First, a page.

Ichiro expresses gratitude entering Mariners Hall of Fame
SEATTLE (AP) — Ichiro Suzuki was inducted into the Seattle Mariners Hall of Fame on Saturday night, giving his entire 16-minute speech in English while reflecting on his career.
Suzuki became the 10th member of Seattle’s Hall of Fame, joining former teammates Ken Griffey Jr., Edgar Martinez, Jamie Moyer, Jay Buhner and Dan Wilson who had previously been honored by the club. All but Buhner were in attendance.
Suzuki’s speech was one of the few times he’s spoken extensively in English in a public forum. The ceremony also included video messages from several baseball stars including Mike Trout, Shohei Ohtani, Albert Pujols and Daisuke Matsuzaka.
Baseball Hall of Fame president Josh Rawitch was also in attendance. Suzuki will be eligible for induction into Cooperstown in 2025.
Griffey and Suzuki sat next to each other during the ceremony. The pair were teammates in Seattle during the 2009-10 seasons.
“There is a guy I like to call George. You know him as Ken Griffey Jr. He was my idol even before I came to America, but in 2009 he returned to Seattle and I finally got to be his teammate,” Suzuki said. “Yes, he’s a jokester. But for me, he’s also a true professional. He helped me in more ways than I can express. Being his teammate is truly one of my career highlights.”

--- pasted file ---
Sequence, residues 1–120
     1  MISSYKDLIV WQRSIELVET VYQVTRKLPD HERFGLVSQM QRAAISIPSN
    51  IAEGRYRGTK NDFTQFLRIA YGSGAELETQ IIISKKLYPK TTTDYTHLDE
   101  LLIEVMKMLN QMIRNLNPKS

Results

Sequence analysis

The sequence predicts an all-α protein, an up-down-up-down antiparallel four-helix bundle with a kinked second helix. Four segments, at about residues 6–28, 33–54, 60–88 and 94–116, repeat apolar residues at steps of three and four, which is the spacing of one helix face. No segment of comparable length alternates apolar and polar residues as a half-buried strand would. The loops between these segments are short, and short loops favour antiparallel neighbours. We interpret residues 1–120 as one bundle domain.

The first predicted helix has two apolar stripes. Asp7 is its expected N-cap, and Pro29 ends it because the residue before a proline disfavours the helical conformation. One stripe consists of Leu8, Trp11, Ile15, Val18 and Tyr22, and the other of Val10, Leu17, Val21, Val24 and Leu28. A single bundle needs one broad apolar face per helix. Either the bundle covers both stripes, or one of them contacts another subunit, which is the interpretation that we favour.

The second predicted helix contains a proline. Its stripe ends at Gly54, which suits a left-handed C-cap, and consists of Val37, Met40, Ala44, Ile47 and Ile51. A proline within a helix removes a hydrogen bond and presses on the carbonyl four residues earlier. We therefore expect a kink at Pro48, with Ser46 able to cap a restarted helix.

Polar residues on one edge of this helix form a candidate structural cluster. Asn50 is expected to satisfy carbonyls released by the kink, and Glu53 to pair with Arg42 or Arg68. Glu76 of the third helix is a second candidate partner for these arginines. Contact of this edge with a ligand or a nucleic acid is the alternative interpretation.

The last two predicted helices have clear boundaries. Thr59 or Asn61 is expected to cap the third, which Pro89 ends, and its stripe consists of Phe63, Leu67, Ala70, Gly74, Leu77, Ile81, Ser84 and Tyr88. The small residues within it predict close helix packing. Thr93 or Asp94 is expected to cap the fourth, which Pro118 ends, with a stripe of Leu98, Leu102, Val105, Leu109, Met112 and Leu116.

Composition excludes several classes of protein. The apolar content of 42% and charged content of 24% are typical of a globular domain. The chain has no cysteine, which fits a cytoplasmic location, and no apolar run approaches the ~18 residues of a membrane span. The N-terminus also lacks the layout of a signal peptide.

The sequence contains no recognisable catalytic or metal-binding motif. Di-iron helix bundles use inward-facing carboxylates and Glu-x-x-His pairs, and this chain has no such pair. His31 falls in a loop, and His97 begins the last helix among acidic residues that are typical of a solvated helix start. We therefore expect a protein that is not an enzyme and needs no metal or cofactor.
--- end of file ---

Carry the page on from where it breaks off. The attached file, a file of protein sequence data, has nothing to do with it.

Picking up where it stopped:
Suzuki spent the first 11 seasons of his major league career with the Mariners before getting traded to the New York Yankees midway through the 2012 season. Suzuki played parts of three seasons with the Yankees, three more in Miami before returning to Seattle to close out his career.
His final appearance came at the beginning of the 2019 season which Seattle opened with two games in Japan. Suzuki announced his retirement after the second game. He’s spent the past several years as a special assistant to the chairman for the Mariners and regularly is in uniform and working with players or fielding balls during batting practice.
“I was 27 years old when I came to Seattle. I could never imagine my career in America would last 19 seasons and that I would still be in Seattle today,” Suzuki said. “With that in mind, I would like to say to the current players your future has possibilities that you cannot imagine as well. So embrace it by giving your best without imposing limits on yourself.
“If a skinny, undersized guy from Japan can compete in this uniform, and then stand before you tonight to accept this honor. Then there’s no reason you cannot do it either.”